After a couple of weeks anticipating, I have trapped one of the scarcer local Xanthia sp giving me the first garden tick of the autumn season. I have been getting steady catches of the regular species but this is the first "notable" for a couple of weeks for me.
Orange Sallow - garden first 25th Sept
The Sallow - new for year 25th Sept, last year I caught only a couple of darker individuals in October
Large Ranunculus - getting a few of these, this one a smart pale variation
Black Rustic - another regular at Wychwood Moths from mid-Sept onwards
Spruce Carpet - like many species, scarcer in 2011 than 2010
Like many other local birders, I took the opportunity to go outside the rare bird exclusion zone of Bedfordshire last week to sample the delights just over the border at Grafham. This large reservoir seems to act like an autumn shield, catching and deflecting any decent seabirds that are blown our way in a storm or potentially coming cross-country on favourable NE winds from the Wash.
My lack of bird pictures on this blog is mainly equipment related as I am usually only achieving record shots digiscoped with a compact camera but the millpond conditions and close encounters at Grafham when I visited enabled some reasonable images to be captured for a change. (Kodak DX7630 ad Opticron ES80 with 27xWW)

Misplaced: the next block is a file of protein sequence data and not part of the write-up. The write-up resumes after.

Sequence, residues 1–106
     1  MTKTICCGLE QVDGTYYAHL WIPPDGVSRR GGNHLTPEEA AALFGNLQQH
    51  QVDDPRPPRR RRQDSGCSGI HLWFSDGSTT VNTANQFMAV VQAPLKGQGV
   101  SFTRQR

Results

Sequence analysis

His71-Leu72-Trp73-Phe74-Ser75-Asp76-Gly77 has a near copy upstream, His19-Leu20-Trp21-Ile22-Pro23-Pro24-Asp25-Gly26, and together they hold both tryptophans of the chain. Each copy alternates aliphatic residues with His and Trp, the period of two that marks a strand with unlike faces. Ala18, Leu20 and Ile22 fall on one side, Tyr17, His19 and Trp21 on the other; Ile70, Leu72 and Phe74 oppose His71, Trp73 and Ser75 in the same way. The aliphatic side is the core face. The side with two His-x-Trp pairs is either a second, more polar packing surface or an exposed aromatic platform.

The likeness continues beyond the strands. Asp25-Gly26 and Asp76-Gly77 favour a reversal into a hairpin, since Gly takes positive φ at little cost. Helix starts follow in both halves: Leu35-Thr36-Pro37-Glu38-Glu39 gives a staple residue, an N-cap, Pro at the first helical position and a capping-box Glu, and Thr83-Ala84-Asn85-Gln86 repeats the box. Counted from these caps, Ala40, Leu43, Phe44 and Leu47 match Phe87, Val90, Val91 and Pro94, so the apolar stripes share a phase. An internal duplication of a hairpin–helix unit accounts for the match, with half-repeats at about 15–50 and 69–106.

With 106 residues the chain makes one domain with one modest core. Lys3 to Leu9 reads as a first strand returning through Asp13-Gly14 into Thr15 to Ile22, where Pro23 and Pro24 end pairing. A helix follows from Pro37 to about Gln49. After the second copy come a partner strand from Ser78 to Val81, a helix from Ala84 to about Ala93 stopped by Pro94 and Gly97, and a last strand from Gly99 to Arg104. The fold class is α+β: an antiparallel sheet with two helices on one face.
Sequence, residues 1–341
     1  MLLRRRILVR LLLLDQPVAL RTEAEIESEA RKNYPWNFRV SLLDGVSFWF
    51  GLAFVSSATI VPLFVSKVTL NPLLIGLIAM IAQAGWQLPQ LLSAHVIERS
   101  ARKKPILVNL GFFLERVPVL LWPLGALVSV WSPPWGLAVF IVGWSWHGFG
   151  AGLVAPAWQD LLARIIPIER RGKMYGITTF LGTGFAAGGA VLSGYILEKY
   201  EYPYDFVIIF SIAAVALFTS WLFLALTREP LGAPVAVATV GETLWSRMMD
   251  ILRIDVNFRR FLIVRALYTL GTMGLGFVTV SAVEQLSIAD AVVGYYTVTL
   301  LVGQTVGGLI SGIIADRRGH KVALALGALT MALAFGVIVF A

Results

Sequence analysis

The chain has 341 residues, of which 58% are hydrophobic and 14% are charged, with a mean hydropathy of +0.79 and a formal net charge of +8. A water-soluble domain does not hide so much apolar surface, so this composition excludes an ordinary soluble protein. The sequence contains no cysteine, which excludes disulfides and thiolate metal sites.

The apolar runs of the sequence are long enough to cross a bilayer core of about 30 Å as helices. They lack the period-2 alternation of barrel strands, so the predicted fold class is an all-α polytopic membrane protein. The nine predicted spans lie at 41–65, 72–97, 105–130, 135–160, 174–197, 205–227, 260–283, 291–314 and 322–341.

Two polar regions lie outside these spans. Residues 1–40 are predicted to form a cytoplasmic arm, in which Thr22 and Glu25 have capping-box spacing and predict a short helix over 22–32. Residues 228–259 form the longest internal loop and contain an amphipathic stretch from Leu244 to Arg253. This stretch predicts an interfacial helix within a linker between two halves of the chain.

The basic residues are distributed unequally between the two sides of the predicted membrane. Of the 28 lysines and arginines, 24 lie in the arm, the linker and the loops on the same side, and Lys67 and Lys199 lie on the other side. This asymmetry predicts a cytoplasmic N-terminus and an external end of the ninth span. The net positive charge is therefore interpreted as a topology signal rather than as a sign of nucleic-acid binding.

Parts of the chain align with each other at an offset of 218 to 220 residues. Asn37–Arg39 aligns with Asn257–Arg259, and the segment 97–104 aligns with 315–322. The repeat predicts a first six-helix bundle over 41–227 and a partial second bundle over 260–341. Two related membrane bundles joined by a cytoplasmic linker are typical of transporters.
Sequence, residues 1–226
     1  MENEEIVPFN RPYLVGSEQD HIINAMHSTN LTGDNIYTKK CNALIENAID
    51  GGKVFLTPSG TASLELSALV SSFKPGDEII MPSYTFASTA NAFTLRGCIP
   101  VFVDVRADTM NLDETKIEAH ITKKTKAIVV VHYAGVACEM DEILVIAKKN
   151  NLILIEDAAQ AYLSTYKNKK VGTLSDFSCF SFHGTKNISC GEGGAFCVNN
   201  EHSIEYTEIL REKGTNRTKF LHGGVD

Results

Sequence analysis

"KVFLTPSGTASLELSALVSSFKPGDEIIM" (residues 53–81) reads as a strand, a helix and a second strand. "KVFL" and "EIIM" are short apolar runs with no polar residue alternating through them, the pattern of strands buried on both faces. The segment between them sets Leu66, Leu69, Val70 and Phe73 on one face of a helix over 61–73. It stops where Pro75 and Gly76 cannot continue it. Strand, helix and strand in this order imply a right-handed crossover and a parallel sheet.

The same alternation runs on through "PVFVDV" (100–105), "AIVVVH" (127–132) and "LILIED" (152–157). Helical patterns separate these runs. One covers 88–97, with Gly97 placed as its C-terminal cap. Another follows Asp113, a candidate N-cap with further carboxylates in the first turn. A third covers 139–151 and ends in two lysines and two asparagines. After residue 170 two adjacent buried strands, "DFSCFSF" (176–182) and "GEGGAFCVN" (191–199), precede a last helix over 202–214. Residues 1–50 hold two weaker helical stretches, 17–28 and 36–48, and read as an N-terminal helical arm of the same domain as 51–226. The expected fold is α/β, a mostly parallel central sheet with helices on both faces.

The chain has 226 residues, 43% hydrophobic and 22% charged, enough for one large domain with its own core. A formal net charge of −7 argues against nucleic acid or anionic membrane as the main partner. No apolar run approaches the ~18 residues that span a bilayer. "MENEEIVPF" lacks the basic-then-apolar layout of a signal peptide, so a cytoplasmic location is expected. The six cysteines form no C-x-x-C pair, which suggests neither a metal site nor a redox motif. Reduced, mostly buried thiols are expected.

The Wychwood Moths garden list sneaked up by two last week thanks to a couple of moths that I took from the trap samples during July.
A particularly rufous looking minor that I collected was dissected by Andy Banthorpe and revealed to actually be a male Rufous Minor as I had hoped; unfortunately I cannot locate a photo I think I took at the time of collection. Previously in June I had collected a small sample of typical individuals and had equivalent numbers of Marbled and Tawny Marbled. So with the set complete, all of next years adults are safe from the freezer ! - was in the name of the scientific record as well as the list of course.
Similarly I collected a limited sample of five Common Rustic agg including two small and dark examples. Dissection revealed three male Common and two male Lesser Common Rustic.
Thanks Andy! 220 jumps to double Nelson 222 despite the windy and often damp nights and a trap that has felt a bit neglected by moths for the last week.
Snout - surprising first for year on 10/Sep
Lesser Yellow Underwing - a peak of variety and numbers in the last couple of weeks
Centre-barred Sallow - new for year 8th Sept, a handful so far
It's been a quiet week at Wychwood Moths with nothing around that attracts a "scarce" tag and none of the autumn specials yet for the yearlist. Close to half the catch this week has been Large Yellow Underwings, so just a couple of catch-up pics and a quick pug quiz for todays post.
Red Underwing - just the one so far this year